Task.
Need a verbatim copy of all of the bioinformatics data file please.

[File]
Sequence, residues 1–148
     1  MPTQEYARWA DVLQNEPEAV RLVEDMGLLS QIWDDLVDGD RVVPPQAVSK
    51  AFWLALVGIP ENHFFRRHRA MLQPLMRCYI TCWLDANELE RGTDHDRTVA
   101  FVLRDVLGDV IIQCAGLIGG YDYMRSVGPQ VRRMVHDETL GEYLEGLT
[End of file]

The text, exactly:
Sequence, residues 1–148
     1  MPTQEYARWA DVLQNEPEAV RLVEDMGLLS QIWDDLVDGD RVVPPQAVSK
    51  AFWLALVGIP ENHFFRRHRA MLQPLMRCYI TCWLDANELE RGTDHDRTVA
   101  FVLRDVLGDV IIQCAGLIGG YDYMRSVGPQ VRRMVHDETL GEYLEGLT